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From the Publisher

For people all over the world, Anne Frank, the vivacious, intelligent Jewish girl with a crooked smile and huge dark eyes, has become the human face of the Holocaust. Now in paperback, here is the highly acclaimed first biography of the girl whose fate touched the lives of millions. Drawing on exclusive interviews with family and friends, on previously unavailable correspondence, and on five diary pages long kept secret, Melissa Muller has created a nuanced portrait of her famous subject. This is the flesh-and-blood Anne Frank, unsentimentalized and so all the more affecting. Full of revelations, Muller''s book casts new light on Anne''s relations with her mother and solves an enduring mystery: who betrayed the families hiding in the annex just when liberation was at hand? An indispensable volume for all those who seek a deeper understanding of Anne Frank and the brutal times in which she lived and died.

From the Jacket

Here, at last, is the first full biography of the girl whose fate touched the lives of millions. For people all over the world, Anne Frank -- the vivacious, intelligent Jewish girl with a crooked smile and huge, dark eyes -- has become "the human face of the Holocaust". Drawing on exclusive interviews with family and friends, on previously unavailable correspondence, and on five diary pages long kept secret, Melissa Muller creates a nuanced portrait of her famous subject. Here is Anne Frank returned to history -- the flesh-and-blood Anne Frank, unsentimentalized and so all the more affecting. Full of revelations, Muller''s richly textured biography casts new light on Anne''s relations with her mother and solves an enduring mystery: Who betrayed the families hiding in the annex just when liberation was at hand? This is an indispensable volume for all those who seek a deeper understanding of Anne Frank and the brutal times in which she lived and died.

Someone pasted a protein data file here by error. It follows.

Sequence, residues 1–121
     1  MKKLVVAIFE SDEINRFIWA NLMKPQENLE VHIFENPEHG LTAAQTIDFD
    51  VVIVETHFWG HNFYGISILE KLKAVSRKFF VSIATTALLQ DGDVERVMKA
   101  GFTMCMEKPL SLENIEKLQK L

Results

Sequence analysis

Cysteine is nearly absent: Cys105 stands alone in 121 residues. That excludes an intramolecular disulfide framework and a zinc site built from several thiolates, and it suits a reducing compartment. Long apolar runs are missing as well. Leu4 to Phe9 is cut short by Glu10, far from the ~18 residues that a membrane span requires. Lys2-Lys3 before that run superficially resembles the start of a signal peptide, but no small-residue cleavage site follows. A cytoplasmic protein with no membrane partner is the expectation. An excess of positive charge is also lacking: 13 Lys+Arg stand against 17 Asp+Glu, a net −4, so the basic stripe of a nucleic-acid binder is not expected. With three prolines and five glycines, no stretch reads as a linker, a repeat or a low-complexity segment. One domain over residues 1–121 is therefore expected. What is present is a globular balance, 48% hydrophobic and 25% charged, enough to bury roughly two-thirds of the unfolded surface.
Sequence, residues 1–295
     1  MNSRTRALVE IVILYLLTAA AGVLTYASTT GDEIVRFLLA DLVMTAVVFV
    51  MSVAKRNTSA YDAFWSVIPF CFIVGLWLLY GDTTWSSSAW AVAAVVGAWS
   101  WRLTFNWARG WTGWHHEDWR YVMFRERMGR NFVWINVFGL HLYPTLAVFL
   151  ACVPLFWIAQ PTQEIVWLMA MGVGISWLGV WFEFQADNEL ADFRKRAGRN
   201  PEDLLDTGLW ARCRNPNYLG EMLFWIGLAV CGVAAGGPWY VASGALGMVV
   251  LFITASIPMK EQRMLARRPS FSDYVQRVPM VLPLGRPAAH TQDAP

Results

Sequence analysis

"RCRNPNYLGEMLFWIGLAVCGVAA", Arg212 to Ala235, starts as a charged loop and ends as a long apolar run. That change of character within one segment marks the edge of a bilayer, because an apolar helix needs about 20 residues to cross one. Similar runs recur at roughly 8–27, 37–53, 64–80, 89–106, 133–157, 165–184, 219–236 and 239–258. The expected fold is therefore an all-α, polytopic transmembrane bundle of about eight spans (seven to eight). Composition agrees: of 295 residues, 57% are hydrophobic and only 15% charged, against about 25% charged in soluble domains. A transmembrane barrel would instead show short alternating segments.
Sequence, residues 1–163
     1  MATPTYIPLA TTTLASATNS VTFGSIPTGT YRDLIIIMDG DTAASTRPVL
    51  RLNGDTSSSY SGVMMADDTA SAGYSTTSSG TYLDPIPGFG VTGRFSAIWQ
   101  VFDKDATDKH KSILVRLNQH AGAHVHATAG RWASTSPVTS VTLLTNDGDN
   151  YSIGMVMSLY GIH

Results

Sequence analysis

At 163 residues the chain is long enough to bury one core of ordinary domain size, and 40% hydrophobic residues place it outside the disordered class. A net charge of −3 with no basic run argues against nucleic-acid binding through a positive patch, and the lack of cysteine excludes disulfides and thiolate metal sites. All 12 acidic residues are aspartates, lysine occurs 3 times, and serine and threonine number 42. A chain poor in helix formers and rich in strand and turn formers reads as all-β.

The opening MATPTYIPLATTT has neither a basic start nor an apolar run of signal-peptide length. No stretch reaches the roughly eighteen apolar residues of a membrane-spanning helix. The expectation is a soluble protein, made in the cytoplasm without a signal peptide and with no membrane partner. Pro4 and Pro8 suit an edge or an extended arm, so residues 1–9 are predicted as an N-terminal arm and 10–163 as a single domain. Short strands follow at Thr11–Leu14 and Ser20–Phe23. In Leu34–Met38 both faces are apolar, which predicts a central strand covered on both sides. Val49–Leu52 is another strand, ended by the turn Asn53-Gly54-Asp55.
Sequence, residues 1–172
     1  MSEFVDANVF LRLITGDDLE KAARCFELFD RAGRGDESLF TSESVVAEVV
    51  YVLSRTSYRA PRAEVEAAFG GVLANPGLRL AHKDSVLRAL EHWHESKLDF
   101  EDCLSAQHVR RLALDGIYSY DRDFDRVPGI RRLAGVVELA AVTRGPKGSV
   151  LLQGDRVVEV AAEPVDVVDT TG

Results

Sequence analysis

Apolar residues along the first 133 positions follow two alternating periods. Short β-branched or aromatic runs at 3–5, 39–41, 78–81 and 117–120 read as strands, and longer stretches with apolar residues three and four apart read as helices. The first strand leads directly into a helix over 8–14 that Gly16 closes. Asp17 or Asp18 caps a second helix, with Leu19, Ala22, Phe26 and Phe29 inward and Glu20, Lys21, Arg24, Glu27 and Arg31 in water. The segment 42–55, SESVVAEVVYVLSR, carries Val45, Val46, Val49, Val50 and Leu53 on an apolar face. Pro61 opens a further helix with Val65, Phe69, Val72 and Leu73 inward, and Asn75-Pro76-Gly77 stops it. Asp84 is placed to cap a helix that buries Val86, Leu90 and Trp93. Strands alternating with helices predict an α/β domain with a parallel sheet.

About the Author

Melissa Müller is a journalist who has written extensively on childhood. She lives in Munich and Vienna.

From Our Editors

The lively Jewish girl with dark eyes and a crooked smile has become the human face of the Holocaust for people all over the world. The first biography of its kind, Anne Frank draws on Melissa Muller's exclusive interviews with family and friends, previously unavailable correspondence and five diary pages long hidden, to create a vivid portrait of Anne. Filled with revelations, this book explores the real, flesh-and-blood Anne and her relationship with her mother, solving the mystery of who betrayed the families hiding in the annex before liberation.

Editorial Reviews

"This meticulous and gripping narrative honors in full a life we thought we knew." --Laura Shapiro, Newsweek

"One might ask, what remains to be said about Anne Frank? Quite a bit, as it turns out." --Michiko Kakutani, The New York Times

"Impressive, convincing." --Carolyn Alessio, Chicago Tribune

"Remarkable . . . Mller has achieved the near-impossible by restoring human proportions to the near mythical Anne." --Susan Jacoby, Newsday